• Policy driven. The policy should be written in such a way that the reader can easily determine if/then rules that apply to all inbound and outbound e-mails.
  • Centralized administration. All policies should be accessible and alterable from a dashboard console, with the capability to apply ad hoc changes to any number of distributed mail servers.
  • Content specific. The solution should offer, or easily integrate with, applications that can scan messages and attachments, and then block, quarantine, archive or allow messages with designated keywords. Other important features include the ability to secure messages determined to contain privileged information, scan messages and attachments for viruses, and eliminate spam, chain letters or virus hoaxes.

6. Carefully define what content can and cannot leave your organization.

To limit corporate liability, filters should be established to look for potentially profane, sexually explicit, racist or defamatory statements in both internal and external company e-mail. To ensure the safety of digital assets, all outbound mail should be scanned for project names and other keywords that might indicate that confidential content may be about to leave the organization. Messages that are flagged by the content filter should be blocked outright, stripped of their attachments or quarantined for review.

7. Employ "intelligent" policy enforcement.

A comprehensive secure-communications policy should define graduated levels of privilege for users within the organization and assign related sensitivity levels to groups of digital assets. When developing rules for the policy engine, IT administrators should leverage this categorization and apply contextual logic to groups of content. For example, different types of sensitive corporate content should demand different levels of clearance to be approved for e-mail distribution, and apply a greater or lesser degree of security to the message depending on the identity of the recipient.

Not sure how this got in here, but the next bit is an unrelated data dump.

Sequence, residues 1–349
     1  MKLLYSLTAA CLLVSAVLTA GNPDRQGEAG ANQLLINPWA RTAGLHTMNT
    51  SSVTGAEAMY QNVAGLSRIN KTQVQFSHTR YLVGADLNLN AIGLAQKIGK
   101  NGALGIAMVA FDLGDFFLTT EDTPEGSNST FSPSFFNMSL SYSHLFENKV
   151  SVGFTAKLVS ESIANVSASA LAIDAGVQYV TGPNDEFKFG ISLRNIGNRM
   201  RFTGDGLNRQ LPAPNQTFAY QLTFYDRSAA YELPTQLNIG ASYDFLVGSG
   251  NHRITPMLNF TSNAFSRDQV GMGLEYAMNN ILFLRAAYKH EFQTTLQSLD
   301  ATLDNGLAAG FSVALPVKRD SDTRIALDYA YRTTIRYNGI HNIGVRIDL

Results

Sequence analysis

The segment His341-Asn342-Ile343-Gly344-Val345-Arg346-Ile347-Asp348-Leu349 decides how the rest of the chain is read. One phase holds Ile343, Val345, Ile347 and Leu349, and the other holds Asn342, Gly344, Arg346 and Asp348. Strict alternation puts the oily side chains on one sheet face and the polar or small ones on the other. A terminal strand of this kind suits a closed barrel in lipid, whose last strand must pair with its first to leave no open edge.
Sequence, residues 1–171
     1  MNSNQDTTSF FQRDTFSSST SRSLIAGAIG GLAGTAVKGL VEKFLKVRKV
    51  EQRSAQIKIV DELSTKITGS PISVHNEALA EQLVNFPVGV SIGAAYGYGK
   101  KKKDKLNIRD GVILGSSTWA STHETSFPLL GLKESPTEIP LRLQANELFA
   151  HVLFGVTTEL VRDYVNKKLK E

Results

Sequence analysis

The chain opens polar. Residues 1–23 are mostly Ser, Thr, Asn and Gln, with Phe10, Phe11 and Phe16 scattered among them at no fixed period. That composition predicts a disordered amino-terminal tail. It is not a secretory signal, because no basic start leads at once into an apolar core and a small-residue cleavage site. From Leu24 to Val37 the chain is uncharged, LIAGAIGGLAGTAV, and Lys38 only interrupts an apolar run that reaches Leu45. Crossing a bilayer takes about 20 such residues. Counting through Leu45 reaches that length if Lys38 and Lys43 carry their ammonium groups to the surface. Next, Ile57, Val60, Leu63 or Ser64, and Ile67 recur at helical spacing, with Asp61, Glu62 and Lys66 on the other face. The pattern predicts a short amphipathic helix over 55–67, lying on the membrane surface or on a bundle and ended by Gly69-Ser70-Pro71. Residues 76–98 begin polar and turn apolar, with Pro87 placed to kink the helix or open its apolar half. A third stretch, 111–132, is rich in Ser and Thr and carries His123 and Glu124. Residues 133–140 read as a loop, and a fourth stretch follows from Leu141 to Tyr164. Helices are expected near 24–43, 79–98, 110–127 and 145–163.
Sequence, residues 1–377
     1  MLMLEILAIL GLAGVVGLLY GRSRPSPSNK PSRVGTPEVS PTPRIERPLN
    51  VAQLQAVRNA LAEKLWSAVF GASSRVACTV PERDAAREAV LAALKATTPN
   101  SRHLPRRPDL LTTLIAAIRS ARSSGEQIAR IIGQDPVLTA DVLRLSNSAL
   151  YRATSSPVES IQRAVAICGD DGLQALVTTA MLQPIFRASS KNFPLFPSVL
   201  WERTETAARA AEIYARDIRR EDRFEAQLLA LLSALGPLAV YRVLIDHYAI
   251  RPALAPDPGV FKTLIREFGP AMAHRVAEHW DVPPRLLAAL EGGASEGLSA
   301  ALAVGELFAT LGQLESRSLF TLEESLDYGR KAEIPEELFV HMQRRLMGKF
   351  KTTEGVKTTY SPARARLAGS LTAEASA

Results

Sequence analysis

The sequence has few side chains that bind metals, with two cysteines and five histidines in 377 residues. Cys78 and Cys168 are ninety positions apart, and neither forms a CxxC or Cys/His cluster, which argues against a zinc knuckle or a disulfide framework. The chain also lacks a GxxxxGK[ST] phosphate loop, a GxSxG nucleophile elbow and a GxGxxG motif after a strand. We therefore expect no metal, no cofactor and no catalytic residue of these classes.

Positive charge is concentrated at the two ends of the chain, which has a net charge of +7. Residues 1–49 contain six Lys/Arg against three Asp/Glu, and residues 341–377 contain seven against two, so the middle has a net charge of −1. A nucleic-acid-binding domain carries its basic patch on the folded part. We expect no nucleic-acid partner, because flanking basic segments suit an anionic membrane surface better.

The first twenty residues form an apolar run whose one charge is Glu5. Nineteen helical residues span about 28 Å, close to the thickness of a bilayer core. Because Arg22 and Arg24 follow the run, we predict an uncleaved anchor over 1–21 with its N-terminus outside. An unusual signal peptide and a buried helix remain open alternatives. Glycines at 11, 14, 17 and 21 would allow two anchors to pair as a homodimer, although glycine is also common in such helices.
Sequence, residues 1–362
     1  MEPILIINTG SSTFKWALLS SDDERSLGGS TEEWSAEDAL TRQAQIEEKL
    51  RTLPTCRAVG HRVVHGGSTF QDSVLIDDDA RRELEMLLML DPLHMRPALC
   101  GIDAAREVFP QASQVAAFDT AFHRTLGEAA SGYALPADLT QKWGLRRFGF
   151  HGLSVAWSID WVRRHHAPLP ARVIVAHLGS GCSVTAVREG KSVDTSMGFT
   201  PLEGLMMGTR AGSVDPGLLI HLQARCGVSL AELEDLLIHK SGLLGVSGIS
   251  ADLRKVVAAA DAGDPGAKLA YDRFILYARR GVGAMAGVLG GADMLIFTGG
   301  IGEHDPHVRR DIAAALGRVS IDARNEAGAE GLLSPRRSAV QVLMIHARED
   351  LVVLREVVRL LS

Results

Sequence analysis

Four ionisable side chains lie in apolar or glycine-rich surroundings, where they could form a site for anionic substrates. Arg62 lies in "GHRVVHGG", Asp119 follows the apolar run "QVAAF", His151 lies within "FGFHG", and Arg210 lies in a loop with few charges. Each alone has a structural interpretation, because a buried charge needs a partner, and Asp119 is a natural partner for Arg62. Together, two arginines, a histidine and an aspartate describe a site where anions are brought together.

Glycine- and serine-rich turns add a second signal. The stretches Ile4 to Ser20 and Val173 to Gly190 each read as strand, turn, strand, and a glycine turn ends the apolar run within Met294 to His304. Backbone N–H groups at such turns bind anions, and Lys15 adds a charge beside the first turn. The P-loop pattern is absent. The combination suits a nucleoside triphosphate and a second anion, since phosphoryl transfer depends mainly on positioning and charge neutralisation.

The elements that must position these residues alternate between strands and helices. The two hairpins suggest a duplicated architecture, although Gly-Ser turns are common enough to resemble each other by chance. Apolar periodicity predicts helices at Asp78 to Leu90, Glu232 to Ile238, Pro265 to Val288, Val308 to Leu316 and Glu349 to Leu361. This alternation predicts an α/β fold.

8. Protect sensitive business data from the vulnerability of plain-text e-mail.

Decentralized organizations often demand that users in remote locations exchange sensitive documents via e-mail with one another or with outside business partners. To preserve the confidentiality of this content, hard and fast rules should be established to secure any digital asset that is cleared for transmission above a certain sensitivity threshold (e.g., HR-related personnel data, M&A materials, business plans, etc.).

9. Establish a secure public network.

Policy can also be used to leverage an existing messaging infrastructure and establish a trusted communications channel between distributed sets of users and eliminate the need for a costly VPN deployment. Based on the identity of the sender and the recipient, policy rules can be created to secure all communications between particular individuals (for example, CEO and chief financial officer) or specified groups of users (remote finance departments, legal division and outside law firm, executive management and R&D, etc.).

10. Ensure the privacy of your customers' data.

The only corporate asset that rivals the worth of an organization's intellectual property is the trust of its customers. Given that, corporate communications policies should dictate that any customer data that employees transmit when messaging with one another, business partners or customers themselves should be protected in transit. Failure to secure this data can result in loss of customer goodwill, government-imposed fines and legal repercussions.


Copyright © 2003 IDG Communications, Inc.